Turning up the volume on food waste

Based out of the UK, Feedback is an organization seeking to alter the global food system through sustained campaigning and raising awareness.

A version of this article was previously posted on Rabobank.com on March 8, 2018.

UK-based charity Feedback has been working since 2009 to raise awareness of food waste around the world. Following years of successful, high-profile campaigns that have brought the issue to the public’s attention – and made founder Tristram Stuart a poster boy for fighting food waste – it is now altering its focus.

“We are launching our new strategy this year, which positions food waste as a major symptom of the wider problems with our food system,” says Executive Director Carina Millstone. “The reality is it costs our planet far too much to produce the food we eat – yet we face the demands of a growing global population who all deserve fair access to it.”

"It costs our planet far too much to produce the food we eat"

- Carina Millstone, Executive Director of Feedback

According to Millstone, waste occurs throughout the supply chain for various reasons, but the issue at the root of it is undervaluing our food and ignoring the high environmental costs of overproduction and waste.

Encouraging news on food waste

“Since we started campaigning, food waste has found its rightful place as a major issue for customers and one that businesses know they need to address,” she says. “Supermarkets have started measuring and reporting on their waste and almost all retailers have redistribution agreements in place to make sure surplus food gets to hungry mouths rather than landfill. According to the latest figures from the Waste and Resources Action Programme, food waste fell by 12% in UK homes between 2007 and 2012.”

“The UK’s Tesco’s is halving food waste in their supply chain”

- Carina Millstone, Executive Director of Feedback

Forcing supermarkets to take action

In 2016, Feedback’s campaigning influenced the development of a new law in France banning supermarkets from throwing away or destroying unsold food. Another success for the organization is UK supermarket Tesco’s decision to work with some of their top suppliers to halve food waste in their supply chain. The move came after years of engagement with Feedback.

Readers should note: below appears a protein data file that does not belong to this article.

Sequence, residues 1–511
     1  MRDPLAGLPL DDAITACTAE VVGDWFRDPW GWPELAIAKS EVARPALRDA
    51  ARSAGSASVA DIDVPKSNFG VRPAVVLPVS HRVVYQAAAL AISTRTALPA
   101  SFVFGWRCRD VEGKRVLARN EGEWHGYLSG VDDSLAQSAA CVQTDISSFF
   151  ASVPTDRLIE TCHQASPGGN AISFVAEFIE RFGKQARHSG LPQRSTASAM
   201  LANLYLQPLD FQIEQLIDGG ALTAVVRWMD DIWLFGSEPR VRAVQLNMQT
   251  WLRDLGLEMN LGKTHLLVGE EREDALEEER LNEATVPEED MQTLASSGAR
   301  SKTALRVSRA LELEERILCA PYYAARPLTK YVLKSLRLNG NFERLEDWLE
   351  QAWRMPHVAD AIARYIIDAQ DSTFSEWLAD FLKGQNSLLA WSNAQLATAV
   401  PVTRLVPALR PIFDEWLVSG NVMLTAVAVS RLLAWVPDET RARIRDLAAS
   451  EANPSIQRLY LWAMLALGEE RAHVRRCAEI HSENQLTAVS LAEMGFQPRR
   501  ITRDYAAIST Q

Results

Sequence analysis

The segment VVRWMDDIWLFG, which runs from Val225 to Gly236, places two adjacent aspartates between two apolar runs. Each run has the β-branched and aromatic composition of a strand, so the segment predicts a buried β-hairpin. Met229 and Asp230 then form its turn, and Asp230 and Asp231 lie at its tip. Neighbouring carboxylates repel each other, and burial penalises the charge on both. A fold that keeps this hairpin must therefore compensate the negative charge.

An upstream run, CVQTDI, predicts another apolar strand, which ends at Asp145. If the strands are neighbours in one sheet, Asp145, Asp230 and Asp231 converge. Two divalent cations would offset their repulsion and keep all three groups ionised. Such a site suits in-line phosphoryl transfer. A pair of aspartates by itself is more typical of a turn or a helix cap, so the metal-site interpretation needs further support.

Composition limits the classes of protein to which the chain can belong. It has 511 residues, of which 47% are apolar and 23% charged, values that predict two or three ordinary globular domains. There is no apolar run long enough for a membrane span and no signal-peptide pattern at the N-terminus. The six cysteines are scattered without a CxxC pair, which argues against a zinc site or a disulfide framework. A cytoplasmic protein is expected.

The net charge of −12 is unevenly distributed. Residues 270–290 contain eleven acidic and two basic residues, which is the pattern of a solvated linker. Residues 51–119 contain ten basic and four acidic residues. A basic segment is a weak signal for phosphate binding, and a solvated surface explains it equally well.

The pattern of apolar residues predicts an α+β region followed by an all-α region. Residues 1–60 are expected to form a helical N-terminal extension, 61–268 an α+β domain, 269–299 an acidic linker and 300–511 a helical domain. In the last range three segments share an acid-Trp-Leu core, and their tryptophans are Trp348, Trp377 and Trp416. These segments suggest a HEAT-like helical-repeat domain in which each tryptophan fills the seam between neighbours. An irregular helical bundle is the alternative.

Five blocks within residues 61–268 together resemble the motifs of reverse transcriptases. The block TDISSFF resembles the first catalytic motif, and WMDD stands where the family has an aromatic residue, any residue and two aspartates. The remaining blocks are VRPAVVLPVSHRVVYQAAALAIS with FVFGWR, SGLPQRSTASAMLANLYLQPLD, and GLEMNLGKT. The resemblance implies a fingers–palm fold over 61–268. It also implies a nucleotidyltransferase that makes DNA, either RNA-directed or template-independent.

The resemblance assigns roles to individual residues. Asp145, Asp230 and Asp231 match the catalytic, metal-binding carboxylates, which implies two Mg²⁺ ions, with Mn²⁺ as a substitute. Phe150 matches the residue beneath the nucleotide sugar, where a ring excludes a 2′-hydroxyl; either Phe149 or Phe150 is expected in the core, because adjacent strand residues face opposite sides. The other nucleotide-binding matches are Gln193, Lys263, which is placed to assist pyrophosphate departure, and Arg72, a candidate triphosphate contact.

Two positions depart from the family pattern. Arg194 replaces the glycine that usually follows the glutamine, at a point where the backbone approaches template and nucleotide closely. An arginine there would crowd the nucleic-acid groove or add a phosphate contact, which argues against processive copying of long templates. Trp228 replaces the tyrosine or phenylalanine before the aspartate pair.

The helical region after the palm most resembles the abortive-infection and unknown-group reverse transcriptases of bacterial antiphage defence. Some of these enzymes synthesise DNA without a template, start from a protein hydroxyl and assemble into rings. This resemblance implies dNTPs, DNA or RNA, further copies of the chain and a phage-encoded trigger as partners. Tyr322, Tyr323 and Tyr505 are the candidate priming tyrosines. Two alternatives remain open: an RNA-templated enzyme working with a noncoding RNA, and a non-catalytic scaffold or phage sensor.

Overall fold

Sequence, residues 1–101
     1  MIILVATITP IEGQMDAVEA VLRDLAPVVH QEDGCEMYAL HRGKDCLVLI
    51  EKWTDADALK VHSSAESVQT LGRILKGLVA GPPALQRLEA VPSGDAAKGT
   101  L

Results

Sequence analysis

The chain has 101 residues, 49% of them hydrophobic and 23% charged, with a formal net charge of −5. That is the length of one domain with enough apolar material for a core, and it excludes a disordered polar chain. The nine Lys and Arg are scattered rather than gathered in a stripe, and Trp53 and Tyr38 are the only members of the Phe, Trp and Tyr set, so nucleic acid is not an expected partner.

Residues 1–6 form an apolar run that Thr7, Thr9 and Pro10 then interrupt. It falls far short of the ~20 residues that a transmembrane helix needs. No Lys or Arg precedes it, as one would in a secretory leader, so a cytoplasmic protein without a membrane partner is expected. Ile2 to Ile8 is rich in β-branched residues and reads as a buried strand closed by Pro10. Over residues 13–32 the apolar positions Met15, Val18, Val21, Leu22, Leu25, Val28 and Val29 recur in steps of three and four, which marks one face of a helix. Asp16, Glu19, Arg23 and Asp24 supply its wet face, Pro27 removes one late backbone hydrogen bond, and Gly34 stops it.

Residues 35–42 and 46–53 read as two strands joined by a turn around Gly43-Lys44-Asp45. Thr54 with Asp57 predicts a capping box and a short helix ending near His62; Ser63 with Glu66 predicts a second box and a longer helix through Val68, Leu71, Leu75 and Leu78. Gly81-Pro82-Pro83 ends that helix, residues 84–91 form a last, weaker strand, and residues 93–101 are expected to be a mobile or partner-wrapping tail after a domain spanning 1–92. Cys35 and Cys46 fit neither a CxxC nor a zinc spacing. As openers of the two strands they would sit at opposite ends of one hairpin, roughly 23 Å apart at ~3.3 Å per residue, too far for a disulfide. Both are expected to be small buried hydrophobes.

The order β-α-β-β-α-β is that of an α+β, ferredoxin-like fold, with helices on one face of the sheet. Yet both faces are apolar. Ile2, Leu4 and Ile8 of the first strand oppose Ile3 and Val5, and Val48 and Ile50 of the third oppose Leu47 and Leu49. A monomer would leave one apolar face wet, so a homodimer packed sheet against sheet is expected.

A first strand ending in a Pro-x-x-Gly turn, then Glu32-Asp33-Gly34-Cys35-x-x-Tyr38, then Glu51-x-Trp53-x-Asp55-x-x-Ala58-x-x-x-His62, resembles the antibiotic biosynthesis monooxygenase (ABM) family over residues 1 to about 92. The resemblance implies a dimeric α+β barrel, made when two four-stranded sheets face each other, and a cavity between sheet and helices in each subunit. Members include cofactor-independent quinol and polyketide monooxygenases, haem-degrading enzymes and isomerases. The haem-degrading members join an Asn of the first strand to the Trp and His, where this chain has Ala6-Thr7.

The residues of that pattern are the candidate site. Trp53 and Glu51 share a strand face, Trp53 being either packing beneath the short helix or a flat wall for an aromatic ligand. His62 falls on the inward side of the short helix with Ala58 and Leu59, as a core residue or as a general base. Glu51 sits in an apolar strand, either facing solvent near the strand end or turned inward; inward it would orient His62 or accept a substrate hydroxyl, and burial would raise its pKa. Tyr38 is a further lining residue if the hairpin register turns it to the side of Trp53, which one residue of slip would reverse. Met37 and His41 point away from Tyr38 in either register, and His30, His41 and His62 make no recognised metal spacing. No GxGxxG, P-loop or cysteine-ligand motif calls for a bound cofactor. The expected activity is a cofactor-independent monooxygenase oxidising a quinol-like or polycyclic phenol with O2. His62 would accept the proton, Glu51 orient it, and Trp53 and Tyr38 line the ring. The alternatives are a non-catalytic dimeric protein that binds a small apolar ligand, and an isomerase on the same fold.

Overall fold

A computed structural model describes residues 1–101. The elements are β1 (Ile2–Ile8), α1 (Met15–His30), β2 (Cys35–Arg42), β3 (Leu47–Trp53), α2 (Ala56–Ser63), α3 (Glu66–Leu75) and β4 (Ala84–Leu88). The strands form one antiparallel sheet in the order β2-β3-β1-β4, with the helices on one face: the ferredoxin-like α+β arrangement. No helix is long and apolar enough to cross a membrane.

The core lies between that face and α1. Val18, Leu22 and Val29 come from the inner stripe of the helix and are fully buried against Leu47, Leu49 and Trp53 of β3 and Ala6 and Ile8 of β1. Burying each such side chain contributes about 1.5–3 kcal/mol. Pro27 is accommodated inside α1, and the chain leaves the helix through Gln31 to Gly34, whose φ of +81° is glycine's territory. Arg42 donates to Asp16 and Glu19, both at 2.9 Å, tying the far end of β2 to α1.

“More recently, the EU Commissioner for Agriculture announced he would bring forward legislation to combat unfair trading practices, which would be a major step towards reducing waste in global supply chains, as we know that power imbalances in supply chains often lead to waste on the farms of smaller producers,” says Millstone.

Celebrity chef Hugh Fearnley-Whittingstall campaigning for The Pig Idea

An ever bigger picture

“However, we still have a lot of work to do. We’re now looking at the wider picture. That still includes tackling waste, but it also means finding ways of encouraging more circular, less wasteful food production practices across the supply chain. For example, we are stepping up our campaign called The Pig Idea. It encourages the feeding of food surplus no longer fit for human consumption to pigs and chickens. This would allow us to deal with waste in a productive way and reduce our reliance on feed crops – potentially saving significant land and resources, when you consider that one third of crops are grown to feed animals, not people. We’d also like to see food waste used to feed more farmed animals like fish.

“Our food system is global. That means the solutions we need to halve food waste by 2030 – the UN Sustainable Development Goal, which we fully support – will take concerted demand by citizens, action by global companies and regulation by governments.”

Read Feedback’s new report on supermarkets and waste here.